Gender sensitive trade policy

Date Posted: Tuesday 17th September 2019

September 2019


In a modern economy where “90 per cent of everything”[1] that we use and consume has been internationally traded, the effects of domestic trade policies and international trade agreements are felt by everyone in society but can negatively effect groups with a weaker economic position, including women and BME groups.

This briefing, written for the Women’s Budget Group by Adrienne Roberts and Silke Trommer, University of Manchester and, Erin Hannah, King’s University College analyses how gender equality interacts with international trade and investment agreements. It makes recommendations for how the UK government can prioritise gender equality in post-Brexit negotiations.

Key points:

  • The UK Government has committed to formulating a post-Brexit trade policy that will ‘uphold gender equality’. This briefing sets out some of the ways in which this commitment can be made a reality.
  • Trade policy affects people in their multiple roles as consumers, producers, workers, users of public services, and providers of unpaid care work. The impacts of trade policy are gendered as a result of the different position of women and men in these areas of activity.
  • Changing trade policy can have both positive and negative impacts. The negative impacts are felt most acutely by women and other vulnerable populations.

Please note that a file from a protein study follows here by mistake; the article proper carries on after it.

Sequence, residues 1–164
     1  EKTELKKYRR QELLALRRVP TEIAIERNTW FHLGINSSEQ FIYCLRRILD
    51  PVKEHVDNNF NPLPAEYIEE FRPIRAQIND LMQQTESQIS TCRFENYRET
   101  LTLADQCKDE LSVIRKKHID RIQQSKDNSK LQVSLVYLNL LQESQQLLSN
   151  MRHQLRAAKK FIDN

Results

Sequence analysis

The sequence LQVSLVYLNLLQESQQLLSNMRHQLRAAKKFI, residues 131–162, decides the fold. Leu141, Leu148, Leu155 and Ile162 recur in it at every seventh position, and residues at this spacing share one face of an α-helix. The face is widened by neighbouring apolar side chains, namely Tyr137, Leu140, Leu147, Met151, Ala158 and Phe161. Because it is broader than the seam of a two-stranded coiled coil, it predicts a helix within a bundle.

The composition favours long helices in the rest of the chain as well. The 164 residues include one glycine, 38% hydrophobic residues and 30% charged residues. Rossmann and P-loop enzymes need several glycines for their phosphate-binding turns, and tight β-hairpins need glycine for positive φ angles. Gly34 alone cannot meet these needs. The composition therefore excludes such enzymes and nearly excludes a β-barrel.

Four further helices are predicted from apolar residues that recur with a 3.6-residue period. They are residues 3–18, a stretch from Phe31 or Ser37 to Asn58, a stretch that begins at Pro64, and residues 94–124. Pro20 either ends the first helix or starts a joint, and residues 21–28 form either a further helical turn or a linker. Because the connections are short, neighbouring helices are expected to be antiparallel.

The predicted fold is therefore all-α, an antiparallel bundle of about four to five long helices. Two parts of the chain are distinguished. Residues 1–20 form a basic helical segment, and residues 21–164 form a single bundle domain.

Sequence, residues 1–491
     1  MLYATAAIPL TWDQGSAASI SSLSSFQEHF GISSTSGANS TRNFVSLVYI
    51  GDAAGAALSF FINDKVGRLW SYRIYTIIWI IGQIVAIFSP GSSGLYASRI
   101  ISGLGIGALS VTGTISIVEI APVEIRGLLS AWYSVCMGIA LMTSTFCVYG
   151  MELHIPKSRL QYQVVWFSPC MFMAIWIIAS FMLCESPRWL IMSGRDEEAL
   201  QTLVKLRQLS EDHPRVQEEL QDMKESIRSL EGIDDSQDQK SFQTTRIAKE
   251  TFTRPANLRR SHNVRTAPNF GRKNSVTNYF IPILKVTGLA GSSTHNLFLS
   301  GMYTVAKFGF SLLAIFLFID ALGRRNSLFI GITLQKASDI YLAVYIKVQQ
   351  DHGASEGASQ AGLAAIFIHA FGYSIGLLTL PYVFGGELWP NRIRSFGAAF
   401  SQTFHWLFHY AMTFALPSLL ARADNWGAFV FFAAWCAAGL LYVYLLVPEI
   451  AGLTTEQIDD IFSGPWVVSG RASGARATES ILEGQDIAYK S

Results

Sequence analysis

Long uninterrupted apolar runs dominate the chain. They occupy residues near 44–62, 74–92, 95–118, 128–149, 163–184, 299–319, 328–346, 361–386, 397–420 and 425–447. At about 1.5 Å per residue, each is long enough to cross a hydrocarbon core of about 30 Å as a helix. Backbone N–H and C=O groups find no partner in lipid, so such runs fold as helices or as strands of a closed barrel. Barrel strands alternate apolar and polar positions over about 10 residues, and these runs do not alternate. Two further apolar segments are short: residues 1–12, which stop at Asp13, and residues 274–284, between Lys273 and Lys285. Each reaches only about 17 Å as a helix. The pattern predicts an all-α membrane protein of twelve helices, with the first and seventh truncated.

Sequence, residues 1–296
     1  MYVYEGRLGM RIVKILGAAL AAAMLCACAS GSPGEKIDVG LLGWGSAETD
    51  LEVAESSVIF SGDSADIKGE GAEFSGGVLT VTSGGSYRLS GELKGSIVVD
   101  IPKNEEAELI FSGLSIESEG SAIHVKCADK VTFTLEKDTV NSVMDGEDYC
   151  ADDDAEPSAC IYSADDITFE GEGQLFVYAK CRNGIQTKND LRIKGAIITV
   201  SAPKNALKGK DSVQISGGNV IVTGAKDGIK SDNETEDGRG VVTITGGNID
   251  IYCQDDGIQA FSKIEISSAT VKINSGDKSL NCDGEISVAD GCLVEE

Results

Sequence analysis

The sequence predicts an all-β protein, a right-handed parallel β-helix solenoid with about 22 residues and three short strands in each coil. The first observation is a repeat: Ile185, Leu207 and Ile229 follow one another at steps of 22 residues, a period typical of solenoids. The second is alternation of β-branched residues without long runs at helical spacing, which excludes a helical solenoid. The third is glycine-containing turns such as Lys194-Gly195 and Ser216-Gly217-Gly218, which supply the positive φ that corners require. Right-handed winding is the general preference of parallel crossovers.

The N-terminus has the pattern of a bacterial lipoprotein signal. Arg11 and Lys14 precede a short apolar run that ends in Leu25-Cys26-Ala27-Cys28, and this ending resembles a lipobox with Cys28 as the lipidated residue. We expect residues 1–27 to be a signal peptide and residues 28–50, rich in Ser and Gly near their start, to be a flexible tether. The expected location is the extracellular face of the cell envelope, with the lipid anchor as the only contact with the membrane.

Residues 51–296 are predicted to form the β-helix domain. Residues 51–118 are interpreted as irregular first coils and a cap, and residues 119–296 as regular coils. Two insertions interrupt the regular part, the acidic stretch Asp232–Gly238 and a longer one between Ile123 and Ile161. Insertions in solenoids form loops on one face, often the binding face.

• Gender chapters in Free Trade Agreements (FTAs) have the potential to mitigate some negative effects of trade policy change, but existing chapters are limited, in part, because they contain few legally binding commitments, are rarely legally enforceable and do not produce legal effects across the entire agreement.
  • Much of the focus of existing gender-sensitive trade initiatives is on supporting women’s entrepreneurship, particularly in the Global South, through training and skills transfer. Empowering women through entrepreneurship requires a consideration of the working conditions and domestic obligations of entrepreneurs, ensuring that this is not conflated with unpaid and precarious work that increase the double burden on women.
  • Providing effective gender-based impact assessment and monitoring is key to ensuring that trade policy, including international trade agreements, produce no gendered harm and that unintended negative consequences can be remedied.
  • Inclusive policies require inclusive policymaking. Involving women’s groups, civil society organisations and stakeholders in the formulation, implementation and monitoring of trade policy will help to provide policymakers the information required to make gender-sensitive policy choices.

You can download and read the full briefing here.

[1] George, Rose (2013) 90 Percent of Everything: Inside Shipping, the Invisible Industry That Puts Clothes on Your Back, Gas in Your Car, and Food on Your Plate, New York: Henry Holt.

Briefing from the UK Women’s Budget Group written by Adrienne Roberts and Silke Trommer, University of Manchester and, Erin Hannah, King’s University College.